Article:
The genius of Jesus' teaching is that he reveals this idea that God uses the tragedy, betrayal, pain and suffering and even death itself to bring us to a larger sense of who we are. Jesus taught, "Unless the single grain of wheat loses its shell, ir remains just a single grain (John 12:24). Our shells, the way we see things and do things, must be cracked for new growth to happen. It's the way we set our roots deep down in the darkness of the soil long before we push our way upward and begin to grow. In God's divine economy, everthing is used to create life...even death.
Some call this science. Others call it God. But I think it's one in the same. What else could it be for one who believes in creationism? As Paul wrote, “from the beginning until now, the entire creation has been groaning and one great act of giving birth.” The divine, as Rohr argues, wants to manifest itself in visible form. We could make this argument for Jesus and the incarnation. We see how this mystery is keeps being recapitulated at every level of creation as it evolves, and emerges anew.
“In the end, God will bring together everything under the title of Christ, everything in heaven and everything on earth. Christians should’ve been the first to appreciate evolution and to recognize what God is doing. God creates things that continue to create themselves from the inner divine spirit."
It is true that we will all die. But if we look at the world and all that is in it, we will see that we too are part of this evolutionary and resurrected life. And have been since the beginning. Our bodies change. Our thinking change. Our souls even change as we become more enlightened by this basic idea that we all die and we all are resurrected.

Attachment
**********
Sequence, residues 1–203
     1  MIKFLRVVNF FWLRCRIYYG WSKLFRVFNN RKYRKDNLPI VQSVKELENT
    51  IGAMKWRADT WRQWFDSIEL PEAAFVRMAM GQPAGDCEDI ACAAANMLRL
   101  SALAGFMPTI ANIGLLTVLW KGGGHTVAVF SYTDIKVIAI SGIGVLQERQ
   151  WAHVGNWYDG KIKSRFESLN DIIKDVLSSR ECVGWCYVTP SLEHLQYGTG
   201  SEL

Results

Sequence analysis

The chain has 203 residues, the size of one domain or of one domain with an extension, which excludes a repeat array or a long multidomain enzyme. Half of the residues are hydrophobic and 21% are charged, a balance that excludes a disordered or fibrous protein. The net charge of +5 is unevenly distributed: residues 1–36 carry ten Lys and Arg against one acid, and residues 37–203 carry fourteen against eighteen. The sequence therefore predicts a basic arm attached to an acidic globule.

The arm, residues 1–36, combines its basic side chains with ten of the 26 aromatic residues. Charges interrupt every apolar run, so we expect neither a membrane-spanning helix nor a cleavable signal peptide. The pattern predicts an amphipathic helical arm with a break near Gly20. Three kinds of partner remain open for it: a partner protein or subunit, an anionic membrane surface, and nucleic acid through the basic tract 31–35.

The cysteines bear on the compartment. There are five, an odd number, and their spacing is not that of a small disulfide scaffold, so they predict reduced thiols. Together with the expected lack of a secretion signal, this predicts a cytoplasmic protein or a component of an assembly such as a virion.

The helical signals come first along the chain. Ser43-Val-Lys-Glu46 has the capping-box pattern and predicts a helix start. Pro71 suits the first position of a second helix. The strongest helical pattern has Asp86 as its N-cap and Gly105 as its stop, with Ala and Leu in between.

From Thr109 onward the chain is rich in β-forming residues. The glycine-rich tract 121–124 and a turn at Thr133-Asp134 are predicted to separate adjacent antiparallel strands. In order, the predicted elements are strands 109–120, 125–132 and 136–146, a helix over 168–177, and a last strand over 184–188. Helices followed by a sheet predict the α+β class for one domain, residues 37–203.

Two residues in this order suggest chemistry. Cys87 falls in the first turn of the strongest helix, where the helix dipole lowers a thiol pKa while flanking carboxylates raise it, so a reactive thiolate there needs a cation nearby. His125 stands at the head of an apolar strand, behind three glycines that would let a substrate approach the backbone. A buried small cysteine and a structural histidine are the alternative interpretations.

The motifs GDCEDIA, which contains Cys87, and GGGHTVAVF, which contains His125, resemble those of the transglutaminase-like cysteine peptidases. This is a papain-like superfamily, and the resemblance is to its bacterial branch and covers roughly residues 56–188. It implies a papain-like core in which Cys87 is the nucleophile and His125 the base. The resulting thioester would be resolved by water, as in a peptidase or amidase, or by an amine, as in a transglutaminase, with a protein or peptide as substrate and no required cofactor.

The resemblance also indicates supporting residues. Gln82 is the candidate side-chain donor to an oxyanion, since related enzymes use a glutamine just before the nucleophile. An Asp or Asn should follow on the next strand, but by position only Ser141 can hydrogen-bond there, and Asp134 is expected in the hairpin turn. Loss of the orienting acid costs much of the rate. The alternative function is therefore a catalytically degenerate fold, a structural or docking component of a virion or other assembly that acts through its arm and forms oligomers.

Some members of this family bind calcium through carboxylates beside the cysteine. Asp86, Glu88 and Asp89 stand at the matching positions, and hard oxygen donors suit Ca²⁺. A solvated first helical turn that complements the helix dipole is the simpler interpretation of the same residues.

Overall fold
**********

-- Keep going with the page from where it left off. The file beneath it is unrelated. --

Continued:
This isn’t based on a caste system that offers different levels of life depending on how well you lived in a past life (or lives). It comes from the grace built within the scientific, evolutionary process of a divine creation. I call this salvation. A healing salve that can only come from one source, the originator of all life. The one who heals our brokenness and uses our pain to grow new life. And the tool by which this is accomplished is grace.
Grace is the Divine healing and unifying everything together, ‘everything in heaven and everything on earth’ (Colossians 1:16). “This is not an individualistic or anthropocentric notion of salvation,” but as Rohr and others have pointed out, “it’s happening to the whole of creation.”
Call it Christ. Call it science. Call it grace. The purpose is still the same. To heal and unify all of life into one circular flow. However, we're not always keen on this idea of grace, that great gift given freely to all. We fight it because it equalizes instead of capitalizes on this everlasting circle of life. Like this COVID-19 virus, grace doesn't pick and choose who gets it, no walls or borders can stop it, and no one individual or nation own it. Grace is unfair by virtue of its inclusivenss.
What's so amazing about grace is that once it's added to the equation, power over others ceases. Power uses death as a means to control. We have seen this time and time again throughout the entire evolutionary process. It’s what has given us the nation building and nationalism spirit that is still alive today. This is what gives us inequity and injustice and any other form of violence that has robbed people of human life and true living.